To catch a coronavirus: 6 things to know for February 23
Israel media review

To catch a coronavirus: 6 things to know for February 23

Israel is now isolation nation, thanks to some Koreans who toured around, as officials mull whom to ban next and what damage it may do, and Evgeny tries to sell us a miracle cure

A Korean airplane that arrived from South Korea, after landing at Ben Gurion International Airport on February 22, 2020. (Ahmad GHARABLI / AFP)
A Korean airplane that arrived from South Korea, after landing at Ben Gurion International Airport on February 22, 2020. (Ahmad GHARABLI / AFP)

1. In the footsteps of the Koreans: Israel is hitting the panic button after it emerged that some South Korean tourists who visited Israel earlier this month may have been carrying the COVID-19 coronavirus, throwing students, teachers, soldiers and anyone else who may have come into the contact with the group into self-quarantine and casting a sideways glance at anything below the 38th parallel (to say nothing of everything above it).

  • “This is really troubling,” an expert in contagious diseases tells the Ynet news site. “They went around the country, seemingly didn’t know they had the virus because they were only lightly ill. So there’s a real danger that the contagion will spread in Israel.”
  • News outlets publish the itinerary of the group, which spent nine days touring the Israel and the West Bank and try to find evidence of everywhere their feet trod the Holy Land.
  • That includes Channel 13 publishing a picture from a tour of Tel Sheva in which it says the Koreans can be seen in the background.
  • Yedioth Ahronoth terms their itinerary a “dangerous journey” and publishes a picture of the menaces-to-be posing atop Masada.
  • Footage zooming around social media also shows the group visiting Hebron’s Tomb of the Patriarchs.
  • “We were close to them for some 30 or 40 minutes while their guide talked and then we went into a cave after them. Who knows if one of them coughed in there and it lingered. It’s scary,” one student, who had the bad luck of visiting Masada at the same time and has been forced into quarantine, tells Channel 12 news.
  • On Sunday, the channel reports from a Beersheba school where it says classrooms and hallways are practically empty because everyone is staying home over virus fears.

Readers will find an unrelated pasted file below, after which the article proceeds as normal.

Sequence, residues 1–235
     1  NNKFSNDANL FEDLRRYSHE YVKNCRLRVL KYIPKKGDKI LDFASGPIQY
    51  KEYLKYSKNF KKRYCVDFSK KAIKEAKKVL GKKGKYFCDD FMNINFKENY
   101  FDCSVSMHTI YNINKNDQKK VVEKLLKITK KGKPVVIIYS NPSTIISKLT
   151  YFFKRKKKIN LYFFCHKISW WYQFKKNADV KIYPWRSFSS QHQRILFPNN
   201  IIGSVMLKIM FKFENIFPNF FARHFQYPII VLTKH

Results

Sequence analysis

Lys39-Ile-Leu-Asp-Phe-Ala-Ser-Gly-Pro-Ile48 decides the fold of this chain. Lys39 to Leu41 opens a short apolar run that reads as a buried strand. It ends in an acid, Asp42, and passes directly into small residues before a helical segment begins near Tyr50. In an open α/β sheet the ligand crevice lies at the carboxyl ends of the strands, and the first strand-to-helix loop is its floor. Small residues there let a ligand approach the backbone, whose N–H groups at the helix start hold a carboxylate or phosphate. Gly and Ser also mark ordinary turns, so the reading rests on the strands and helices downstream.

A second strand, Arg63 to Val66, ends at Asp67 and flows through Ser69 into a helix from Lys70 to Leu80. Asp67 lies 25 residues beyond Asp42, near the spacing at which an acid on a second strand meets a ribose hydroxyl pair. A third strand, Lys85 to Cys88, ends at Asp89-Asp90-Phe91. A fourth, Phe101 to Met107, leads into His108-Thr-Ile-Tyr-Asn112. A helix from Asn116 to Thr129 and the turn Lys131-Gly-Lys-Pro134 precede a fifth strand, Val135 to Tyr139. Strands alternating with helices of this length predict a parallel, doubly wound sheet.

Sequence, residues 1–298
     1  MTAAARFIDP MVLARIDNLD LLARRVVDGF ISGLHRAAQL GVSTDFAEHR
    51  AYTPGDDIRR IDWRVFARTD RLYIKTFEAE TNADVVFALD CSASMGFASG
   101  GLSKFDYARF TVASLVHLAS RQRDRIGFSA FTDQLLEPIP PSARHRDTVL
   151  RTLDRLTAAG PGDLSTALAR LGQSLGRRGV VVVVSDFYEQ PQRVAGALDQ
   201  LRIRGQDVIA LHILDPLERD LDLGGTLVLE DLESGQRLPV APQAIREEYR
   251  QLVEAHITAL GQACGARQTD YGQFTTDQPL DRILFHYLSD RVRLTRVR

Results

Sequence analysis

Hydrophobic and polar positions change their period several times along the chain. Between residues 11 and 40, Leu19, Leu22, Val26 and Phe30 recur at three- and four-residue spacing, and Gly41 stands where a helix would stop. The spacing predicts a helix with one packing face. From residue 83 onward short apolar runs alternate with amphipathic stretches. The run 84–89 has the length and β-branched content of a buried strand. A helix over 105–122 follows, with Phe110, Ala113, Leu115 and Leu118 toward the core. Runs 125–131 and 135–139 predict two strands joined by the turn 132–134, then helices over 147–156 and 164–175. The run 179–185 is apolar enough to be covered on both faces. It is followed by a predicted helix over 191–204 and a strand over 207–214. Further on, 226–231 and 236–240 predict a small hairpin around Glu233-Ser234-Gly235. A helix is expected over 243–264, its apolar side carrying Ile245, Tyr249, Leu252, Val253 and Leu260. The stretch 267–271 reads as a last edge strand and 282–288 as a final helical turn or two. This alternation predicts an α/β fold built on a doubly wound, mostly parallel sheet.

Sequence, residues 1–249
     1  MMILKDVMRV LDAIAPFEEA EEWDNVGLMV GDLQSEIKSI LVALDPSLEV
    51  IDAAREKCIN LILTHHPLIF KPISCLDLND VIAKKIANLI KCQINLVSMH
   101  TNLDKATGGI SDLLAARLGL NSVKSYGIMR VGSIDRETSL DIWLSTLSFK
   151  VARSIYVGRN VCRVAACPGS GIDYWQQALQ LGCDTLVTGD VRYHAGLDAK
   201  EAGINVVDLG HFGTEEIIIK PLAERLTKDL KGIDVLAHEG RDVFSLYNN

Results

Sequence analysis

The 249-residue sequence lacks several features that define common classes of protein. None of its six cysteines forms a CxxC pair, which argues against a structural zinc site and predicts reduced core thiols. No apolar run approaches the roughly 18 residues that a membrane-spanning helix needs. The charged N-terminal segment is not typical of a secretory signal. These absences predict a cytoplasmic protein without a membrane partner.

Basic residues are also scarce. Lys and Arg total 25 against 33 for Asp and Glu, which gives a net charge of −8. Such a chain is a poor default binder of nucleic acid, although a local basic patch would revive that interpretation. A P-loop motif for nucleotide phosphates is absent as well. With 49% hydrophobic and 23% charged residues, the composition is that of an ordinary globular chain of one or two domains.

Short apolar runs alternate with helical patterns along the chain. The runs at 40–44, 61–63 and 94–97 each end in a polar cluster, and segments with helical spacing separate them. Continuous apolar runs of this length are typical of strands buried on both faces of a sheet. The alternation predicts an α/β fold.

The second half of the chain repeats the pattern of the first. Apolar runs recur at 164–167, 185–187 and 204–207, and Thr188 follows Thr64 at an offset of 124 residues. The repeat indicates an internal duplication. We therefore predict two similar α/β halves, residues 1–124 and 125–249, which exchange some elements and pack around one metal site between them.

2. Guess who’s here: Add to that the fact that the virus was found — shockingly — in one of the people kept aboard the Diamond Princess cruise who had used the media to complain that they were fine and should be allowed to go home, and Israel has gone crazy for quarantines.

  • “The corona is in Israel,” screams a headline in Israel Hayom, using the word that has become local shorthand for the disease, even though only that one person has actually found to have it.
  • Yedioth’s front page is even more coronavirus-centric, being taken up almost solely by a Q and A about the virus.
  • “Is two weeks quarantine enough,” reads one question. “Actually no. At first they estimated that it took 14 days from the virus entering the body for symptoms to show, but now they know it can take a month. For now the original instruction have not changed.”
  • Hagai Levin, one the country’s top public health experts, tells Kan that “our working assumption needs to be that there are cases of corona in Israel that we don’t know about.”
  • Walla News reports that a second quarantine zone will be set up at Jerusalem’s Hadassah Ein Kerem Hospital. Hospital head Zeev Rothstein tells the channel that the ward will be set up in the hospital’s old tower, which is being decommissioned. “We still haven’t finished tearing it down, so we have the option,” he says.

3. When fake news goes viral: Public Security Minister Gilad Erdan is quoted in Channel 13 saying that even if people don’t listen, the cops are ready to take action. And he says his ministry is preparing for the possibility of elections being tainted by the virus.

  • “I have ordered the police to prepare for the possibility that the disease could interfere with the elections, even via fake news used to mislead certain areas,” he says cryptically.
  • Channel 12’s Yaron Avraham writes that with all the news and campaigning over the last few months it seems the virus may end up being the thing with the biggest potential to decide the election.
  • “Just imagine a situation in which you get a message on your phone saying that someone suspected to be carrying the virus showed up at your polling station. It doesn’t mater if it seems fake, you won’t take the chance,” he writes.